East Northside resurfacing project waiting on okay from MDOT to startBy ANTHONY WARREN,
A contractor is now in place to repave one of the Northside’s worst thoroughfares – East Northside Drive. Now it’s down to Mississippi Department of Transportation (MDOT) to approve the plans before work can start.
Recently, the Jackson City Council approved bringing on Dickerson and Bowen to mill and overlay the street from the I-55 North frontage road to North State Street.
The contract is for approximately $2,452,000 and will include repaving the street and bringing sidewalks into compliance with Americans with Disabilities Act (ADA) standards.
The measure was approved on a 6-0 vote, with Ward One Councilman Ashby Foote urging his colleagues to vote in favor.
Ward Three Councilman Kenneth Stokes had stepped out of the meeting.
Southern Consultants, the firm that designed the project, is also being kept on to oversee construction. The Northside firm was brought on last year to design the project. That contract extension was also approved on a unanimous vote.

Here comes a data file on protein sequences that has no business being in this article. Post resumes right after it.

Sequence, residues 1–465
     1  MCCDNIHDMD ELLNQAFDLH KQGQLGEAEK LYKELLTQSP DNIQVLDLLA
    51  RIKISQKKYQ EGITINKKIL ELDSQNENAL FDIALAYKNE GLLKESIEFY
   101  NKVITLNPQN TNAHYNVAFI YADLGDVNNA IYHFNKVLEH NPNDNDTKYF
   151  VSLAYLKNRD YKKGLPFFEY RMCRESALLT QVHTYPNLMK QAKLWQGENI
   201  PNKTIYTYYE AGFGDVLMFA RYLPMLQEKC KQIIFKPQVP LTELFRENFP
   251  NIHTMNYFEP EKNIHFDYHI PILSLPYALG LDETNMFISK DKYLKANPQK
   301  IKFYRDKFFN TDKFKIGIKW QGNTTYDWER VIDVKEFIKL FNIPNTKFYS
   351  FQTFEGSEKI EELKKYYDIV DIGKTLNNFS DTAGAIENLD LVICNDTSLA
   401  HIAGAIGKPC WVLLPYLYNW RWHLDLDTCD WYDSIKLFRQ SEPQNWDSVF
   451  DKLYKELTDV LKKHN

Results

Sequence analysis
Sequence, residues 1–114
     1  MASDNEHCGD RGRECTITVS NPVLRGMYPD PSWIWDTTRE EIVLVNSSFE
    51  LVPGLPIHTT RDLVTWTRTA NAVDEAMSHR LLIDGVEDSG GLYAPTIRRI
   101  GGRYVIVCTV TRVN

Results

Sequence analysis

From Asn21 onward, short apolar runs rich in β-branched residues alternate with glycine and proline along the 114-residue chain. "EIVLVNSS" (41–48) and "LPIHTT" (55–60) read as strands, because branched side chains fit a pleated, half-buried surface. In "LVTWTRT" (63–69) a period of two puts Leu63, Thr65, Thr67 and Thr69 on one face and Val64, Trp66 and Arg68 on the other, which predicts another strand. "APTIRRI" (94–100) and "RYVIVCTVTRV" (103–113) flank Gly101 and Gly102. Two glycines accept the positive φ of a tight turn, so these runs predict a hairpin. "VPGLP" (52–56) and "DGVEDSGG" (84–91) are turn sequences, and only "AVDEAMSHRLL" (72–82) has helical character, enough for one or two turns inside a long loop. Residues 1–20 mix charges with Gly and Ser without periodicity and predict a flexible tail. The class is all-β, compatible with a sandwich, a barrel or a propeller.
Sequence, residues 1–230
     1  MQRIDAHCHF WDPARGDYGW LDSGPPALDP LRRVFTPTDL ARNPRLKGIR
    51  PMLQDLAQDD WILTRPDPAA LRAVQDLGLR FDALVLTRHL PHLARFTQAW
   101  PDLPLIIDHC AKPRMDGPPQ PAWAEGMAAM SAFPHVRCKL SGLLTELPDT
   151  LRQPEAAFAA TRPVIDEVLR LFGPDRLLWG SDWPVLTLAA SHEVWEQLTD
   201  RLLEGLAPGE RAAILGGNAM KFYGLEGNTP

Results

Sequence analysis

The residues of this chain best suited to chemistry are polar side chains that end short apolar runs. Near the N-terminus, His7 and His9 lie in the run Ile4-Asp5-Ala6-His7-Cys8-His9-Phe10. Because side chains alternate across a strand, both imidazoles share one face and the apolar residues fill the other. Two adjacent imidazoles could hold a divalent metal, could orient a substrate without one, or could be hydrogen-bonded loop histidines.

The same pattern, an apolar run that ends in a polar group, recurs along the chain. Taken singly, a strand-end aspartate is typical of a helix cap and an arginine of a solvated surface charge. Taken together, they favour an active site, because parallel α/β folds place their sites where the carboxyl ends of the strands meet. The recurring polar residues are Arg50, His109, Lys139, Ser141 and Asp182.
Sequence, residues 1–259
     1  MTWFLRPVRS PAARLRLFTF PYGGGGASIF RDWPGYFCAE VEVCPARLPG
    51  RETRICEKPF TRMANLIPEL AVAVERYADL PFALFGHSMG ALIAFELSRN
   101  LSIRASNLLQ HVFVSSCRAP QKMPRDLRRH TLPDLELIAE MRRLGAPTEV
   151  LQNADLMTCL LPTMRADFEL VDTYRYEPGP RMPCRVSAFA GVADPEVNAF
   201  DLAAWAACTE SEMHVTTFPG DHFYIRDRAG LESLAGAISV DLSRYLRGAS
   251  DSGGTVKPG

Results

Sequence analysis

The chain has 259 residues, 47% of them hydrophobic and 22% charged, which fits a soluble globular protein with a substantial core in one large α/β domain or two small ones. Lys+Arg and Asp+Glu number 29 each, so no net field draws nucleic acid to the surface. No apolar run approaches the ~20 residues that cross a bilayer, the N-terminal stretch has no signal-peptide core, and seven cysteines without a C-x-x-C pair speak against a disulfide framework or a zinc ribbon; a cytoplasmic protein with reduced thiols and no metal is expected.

The measure now will be submitted to MDOT for final approval.
“We have to send it to the transportation commission for the final sign off. We’ll get the contract signed and schedule reconstruction,” said Jackson Traffic Engineer Robert Lee.
The city has to get MDOT approval, because the project is being paid for with millions of dollars in federal transportation dollars. Jackson was previously awarded a $1.4 million matching grant through the Central Mississippi Planning and Development District.
Lee told the council that scheduling would depend on how quickly commissioners approve the contract and whether the weather would cooperate.
He said work would definitely begin in the first half of 2019.
Northside averages about 22,000 vehicles a day. Despite being one of the busiest streets, it is one of the city’s worst, according to a study conducted by Stantec Consulting Services.
In 2013, the firm did surface evaluations of all 2,100 lane miles of city streets, using specialized equipment. The data was released in 2017 and showed that large portions of East Northside were at or near the end of their serviceable lives.